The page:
Cooksley v. Lofland

Summarized by:

  • Court: Oregon Court of Appeals
  • Area(s) of Law: Tort Law
  • Date Filed: 11-29-2017
  • Case #: A161658
  • Judge(s)/Court Below: Tookey, J. for the Court; Armstrong, P.J.; & Shorr, J.
  • Full Text Opinion

When the “plaintiff submits a verdict form from which the jury cannot tell whether the damages award includes losses subject to PIP benefits, the court must reduce the damages award by reason of the PIP benefits.” Wade v. Mahler, 167 Or. App. 350, 356, 1 P.3d 485, rev den, 331 Or. 334 (2000).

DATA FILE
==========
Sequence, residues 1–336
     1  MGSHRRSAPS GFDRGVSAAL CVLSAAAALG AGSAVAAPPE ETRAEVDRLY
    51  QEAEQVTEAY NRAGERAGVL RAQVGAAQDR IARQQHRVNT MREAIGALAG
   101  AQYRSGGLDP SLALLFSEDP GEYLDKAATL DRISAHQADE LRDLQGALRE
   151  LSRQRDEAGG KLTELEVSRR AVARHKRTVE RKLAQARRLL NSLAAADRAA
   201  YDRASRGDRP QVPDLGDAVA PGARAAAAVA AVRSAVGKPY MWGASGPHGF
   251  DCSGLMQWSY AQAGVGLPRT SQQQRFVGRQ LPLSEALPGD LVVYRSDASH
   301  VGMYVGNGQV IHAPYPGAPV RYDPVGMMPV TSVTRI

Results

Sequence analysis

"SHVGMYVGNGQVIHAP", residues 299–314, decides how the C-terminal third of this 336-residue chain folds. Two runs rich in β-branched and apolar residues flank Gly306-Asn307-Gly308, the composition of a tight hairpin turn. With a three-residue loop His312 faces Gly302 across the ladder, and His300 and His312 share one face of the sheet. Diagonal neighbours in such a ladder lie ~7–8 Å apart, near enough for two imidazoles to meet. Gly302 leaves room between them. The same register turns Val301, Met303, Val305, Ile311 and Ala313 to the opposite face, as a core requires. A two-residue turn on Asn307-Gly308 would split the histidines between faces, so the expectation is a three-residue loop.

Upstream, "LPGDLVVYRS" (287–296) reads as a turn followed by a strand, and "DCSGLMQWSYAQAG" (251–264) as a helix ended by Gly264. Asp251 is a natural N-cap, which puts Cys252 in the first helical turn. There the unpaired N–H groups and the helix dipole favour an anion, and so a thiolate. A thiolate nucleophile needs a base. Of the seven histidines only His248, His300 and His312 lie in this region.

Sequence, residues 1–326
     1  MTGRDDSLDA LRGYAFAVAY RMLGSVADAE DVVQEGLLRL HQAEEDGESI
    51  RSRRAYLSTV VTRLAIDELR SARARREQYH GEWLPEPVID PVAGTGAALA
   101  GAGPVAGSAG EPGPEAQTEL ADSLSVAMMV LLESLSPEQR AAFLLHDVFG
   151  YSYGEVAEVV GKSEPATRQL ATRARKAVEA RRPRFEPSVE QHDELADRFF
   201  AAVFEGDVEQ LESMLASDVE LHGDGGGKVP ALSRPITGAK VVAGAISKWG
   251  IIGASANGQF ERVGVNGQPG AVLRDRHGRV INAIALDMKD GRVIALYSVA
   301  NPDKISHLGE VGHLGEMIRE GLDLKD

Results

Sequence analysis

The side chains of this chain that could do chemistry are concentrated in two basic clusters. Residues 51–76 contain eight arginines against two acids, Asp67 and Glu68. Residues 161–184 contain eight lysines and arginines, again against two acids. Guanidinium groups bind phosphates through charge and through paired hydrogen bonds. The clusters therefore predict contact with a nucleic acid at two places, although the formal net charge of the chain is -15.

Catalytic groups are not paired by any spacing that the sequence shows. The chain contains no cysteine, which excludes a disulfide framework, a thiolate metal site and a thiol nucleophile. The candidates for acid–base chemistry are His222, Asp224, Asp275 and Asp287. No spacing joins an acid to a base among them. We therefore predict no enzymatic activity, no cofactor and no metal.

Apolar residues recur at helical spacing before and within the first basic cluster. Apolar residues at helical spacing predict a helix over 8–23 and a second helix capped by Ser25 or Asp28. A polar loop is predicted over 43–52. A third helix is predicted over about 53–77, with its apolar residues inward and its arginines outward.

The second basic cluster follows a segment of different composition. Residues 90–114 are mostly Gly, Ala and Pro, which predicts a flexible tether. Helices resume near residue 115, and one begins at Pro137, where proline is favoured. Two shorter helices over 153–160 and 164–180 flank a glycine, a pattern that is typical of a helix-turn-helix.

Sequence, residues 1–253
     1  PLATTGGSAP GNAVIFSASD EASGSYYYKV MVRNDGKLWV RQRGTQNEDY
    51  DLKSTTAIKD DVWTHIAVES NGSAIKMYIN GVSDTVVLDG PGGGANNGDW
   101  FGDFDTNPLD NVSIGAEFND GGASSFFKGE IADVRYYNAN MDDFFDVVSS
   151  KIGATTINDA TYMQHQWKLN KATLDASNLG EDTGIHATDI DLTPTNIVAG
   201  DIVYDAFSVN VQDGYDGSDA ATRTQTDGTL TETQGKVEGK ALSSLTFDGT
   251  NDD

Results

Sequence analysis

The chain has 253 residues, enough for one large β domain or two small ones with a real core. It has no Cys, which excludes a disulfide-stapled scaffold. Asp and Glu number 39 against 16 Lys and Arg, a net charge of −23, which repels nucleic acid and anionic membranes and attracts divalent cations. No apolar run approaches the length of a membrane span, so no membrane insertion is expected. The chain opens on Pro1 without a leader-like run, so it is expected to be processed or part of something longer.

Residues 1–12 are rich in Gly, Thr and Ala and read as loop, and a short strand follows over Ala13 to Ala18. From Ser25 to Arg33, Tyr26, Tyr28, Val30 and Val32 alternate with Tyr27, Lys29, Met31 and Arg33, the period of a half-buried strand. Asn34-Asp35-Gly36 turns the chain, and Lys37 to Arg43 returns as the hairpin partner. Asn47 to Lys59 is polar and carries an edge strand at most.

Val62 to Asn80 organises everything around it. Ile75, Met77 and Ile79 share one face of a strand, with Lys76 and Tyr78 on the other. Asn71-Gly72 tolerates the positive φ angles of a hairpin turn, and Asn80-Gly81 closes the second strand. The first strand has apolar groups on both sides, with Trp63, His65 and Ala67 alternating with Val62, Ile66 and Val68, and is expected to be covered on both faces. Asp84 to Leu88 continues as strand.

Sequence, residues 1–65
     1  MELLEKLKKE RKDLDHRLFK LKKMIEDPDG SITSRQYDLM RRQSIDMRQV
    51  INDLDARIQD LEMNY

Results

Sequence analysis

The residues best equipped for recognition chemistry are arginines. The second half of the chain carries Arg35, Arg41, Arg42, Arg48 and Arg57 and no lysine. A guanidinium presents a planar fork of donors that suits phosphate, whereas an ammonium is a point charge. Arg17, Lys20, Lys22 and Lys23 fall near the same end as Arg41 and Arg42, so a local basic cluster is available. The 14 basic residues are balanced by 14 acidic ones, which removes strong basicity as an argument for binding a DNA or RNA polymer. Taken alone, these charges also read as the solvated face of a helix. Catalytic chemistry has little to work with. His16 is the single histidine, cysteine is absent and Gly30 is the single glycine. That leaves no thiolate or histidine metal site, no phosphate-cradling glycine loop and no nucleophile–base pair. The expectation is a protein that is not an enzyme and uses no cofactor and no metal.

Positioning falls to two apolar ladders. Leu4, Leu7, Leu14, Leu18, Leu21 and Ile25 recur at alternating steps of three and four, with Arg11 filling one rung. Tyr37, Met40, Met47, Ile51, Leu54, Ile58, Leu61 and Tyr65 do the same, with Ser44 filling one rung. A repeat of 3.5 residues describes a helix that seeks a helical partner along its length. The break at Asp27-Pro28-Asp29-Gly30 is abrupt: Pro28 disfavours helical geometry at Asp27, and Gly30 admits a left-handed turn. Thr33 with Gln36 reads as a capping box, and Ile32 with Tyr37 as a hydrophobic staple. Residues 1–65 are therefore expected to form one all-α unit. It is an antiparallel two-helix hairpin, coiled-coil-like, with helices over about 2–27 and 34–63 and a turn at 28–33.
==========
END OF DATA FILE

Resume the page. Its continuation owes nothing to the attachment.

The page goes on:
Plaintiff appealed a trial court order, which granted Defendant’s motion for partial satisfaction of judgment under ORS 31.555(2). Plaintiff assigned error to the trial court’s conclusion that since the verdict form did not segregate damages, it was impossible to determine if the $15,000 Personal Injury Protection payment from Defendant’s insurance carrier had been accounted-for in the economic damages awarded by the jury, and thus the court was required to grant the motion. On appeal, Plaintiff argues that the she was entitled to the full damage amount despite the PIP payment because ORS 31.555(2) did not apply in this instance.  Plaintiff argues ORS 31.555(2) was inapplicable because Defendant was responsible for the unsegregated verdict form that created the ambiguity. In response, Defendant argued that the trial court did not err in granting the motion. When the “plaintiff submits a verdict form from which the jury cannot tell whether the damages award includes losses subject to PIP benefits, the court must reduce the damages award by reason of the PIP benefits.”  Wade v. Mahler, 167 Or. App. 350, 356, 1 P.3d 485, rev den, 331 Or. 334 (2000). The Court of Appeals held that the trial court did not err in granting Defendant’s motion for partial satisfaction of judgment because the verdict form did not indicate whether the jury considered PIP reimbursements in its damage award and the plaintiff’s form would not have cleared up the ambiguity. Affirmed.

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